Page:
Laois manager Billy Sheehan voiced his opposition to deciding Gaelic football matches on penalty shootouts, after his own team triumphed against Kildare in last night's O'Byrne Cup semi-final.
Less than two weeks after suffering an unsightly hammering in Wexford, Laois progressed to the O'Byrne Cup decider with a 6-5 shootout victory over Kildare, Fergal Byron saving the final penalty from Paul Cribbin in sudden death.
However, the new Laois boss, who took over the reins last October, isn't inclined to trumpet the win, insisting that taking penalties, soccer-style, doesn't constitute a skill in Gaelic football and that another mechanism should be found to resolve drawn matches.
"To be honest with you, I don't think it's a skill in the game. I'd rather if people took frees off their hands," Sheehan told RTÉ Radio 1's Morning Ireland.
"It is going down the soccer route. I'd rather if there was even frees from a certain distance or just on the 45, or whatever. I don't think penalties is a way to decide a Gaelic football game.
"Ah, but we didn't win. That's the fact. We drew the game. I know people will say we won but we didn't win. We got a draw. Probably, at the end, we were hanging on. We had some opportunities, they had some great opportunities. But the boys' attitude is very good and that's all I can ask for as a manager."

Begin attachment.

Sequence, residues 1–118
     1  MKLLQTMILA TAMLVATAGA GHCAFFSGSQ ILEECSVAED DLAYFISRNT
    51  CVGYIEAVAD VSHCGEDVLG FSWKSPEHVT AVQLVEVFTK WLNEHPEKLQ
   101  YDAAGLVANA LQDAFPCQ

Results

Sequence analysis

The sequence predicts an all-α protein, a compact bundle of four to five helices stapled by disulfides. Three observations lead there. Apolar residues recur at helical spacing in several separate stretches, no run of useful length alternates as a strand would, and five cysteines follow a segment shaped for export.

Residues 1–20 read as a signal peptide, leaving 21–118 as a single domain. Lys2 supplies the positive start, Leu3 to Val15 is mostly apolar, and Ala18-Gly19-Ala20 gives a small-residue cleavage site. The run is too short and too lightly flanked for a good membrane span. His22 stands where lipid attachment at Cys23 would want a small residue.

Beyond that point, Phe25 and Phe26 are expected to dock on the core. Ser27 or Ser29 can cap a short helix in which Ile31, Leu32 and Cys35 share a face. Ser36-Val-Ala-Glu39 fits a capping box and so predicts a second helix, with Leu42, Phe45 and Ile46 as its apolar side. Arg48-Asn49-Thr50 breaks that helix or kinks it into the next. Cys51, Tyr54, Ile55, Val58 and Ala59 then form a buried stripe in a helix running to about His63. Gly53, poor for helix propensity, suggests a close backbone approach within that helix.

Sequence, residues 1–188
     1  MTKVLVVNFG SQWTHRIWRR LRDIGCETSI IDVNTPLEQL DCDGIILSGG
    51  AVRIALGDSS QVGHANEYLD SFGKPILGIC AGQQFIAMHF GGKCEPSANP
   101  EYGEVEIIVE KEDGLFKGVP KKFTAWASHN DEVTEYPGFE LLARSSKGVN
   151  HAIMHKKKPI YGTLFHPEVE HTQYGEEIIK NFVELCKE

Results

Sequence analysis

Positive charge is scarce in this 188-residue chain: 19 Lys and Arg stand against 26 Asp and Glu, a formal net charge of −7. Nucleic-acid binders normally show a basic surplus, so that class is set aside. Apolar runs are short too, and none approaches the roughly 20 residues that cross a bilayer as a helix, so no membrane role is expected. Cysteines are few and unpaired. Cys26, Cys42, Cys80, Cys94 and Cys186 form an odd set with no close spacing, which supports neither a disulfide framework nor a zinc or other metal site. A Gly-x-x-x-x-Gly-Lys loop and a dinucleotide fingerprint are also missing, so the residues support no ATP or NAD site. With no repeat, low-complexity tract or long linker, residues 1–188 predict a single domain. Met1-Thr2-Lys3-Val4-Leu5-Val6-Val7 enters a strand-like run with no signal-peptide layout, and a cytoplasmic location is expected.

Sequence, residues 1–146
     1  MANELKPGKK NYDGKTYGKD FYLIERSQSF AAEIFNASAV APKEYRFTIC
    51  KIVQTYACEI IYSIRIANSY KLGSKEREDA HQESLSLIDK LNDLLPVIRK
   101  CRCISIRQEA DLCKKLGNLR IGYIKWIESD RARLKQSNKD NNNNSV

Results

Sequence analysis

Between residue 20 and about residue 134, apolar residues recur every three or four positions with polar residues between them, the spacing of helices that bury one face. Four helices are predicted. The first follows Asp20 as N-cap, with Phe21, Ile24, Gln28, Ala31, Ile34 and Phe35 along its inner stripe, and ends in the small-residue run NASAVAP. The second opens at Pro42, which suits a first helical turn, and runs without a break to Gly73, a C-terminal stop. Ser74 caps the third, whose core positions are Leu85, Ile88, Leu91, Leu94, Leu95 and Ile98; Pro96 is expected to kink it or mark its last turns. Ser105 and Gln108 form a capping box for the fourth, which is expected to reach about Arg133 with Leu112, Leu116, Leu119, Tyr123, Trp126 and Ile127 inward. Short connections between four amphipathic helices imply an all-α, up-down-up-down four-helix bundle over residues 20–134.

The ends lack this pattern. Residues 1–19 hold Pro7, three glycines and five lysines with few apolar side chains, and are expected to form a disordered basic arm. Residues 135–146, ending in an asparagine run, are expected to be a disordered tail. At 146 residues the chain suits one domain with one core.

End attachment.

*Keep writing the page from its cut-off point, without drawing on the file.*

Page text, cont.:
Regardless, the result represents a striking turnaround for Laois after their alarming 15-point drubbing at the hands of Wexford in Hollymount on 8 January, the hosts ramming in six goals.
They subsequently recovered with an impressive six-point win over Meath in Stradbally before a win at home to Wicklow by the same margin and now they've progressed past Kildare in the semis - albeit after a shootout.
Sheehan flatly admitted that the Wexford showing had been an "unacceptable performance", from the management as much as the players.
"The first day we're still learning from and I'm still learning from. That day was an unacceptable performance but it was unacceptable from me as well. I'm the manager of the team, I coach the team and the way I set up the team was wrong. I take the blame and not the players and it's my job to try and improve things.
"As I say, it's the O'Byrne Cup. You want to go out and win games. Everyone says it's a learning curve but when you're on the pitch, whatever it is, challenge game or training session, you've got to have that winning element. Unfortunately, the first day, we had a very, very bad day out. We've improved a small bit since."
Laois - O'Byrne Cup winners most recently in 2005 - face Dublin in the decider in Carlow on Saturday, in their fifth match in 14 days.
"There's a game on now in three or four days," Sheehan says. "The most important thing is we assess things. The GAA are on about burnout. We aren't allowed play a game until the 1st of January and now they've given us five games in 14 days, which I think is very hard on players. But we're not going to be ones to make excuses. We'll be there on Saturday and we'll be ready to go."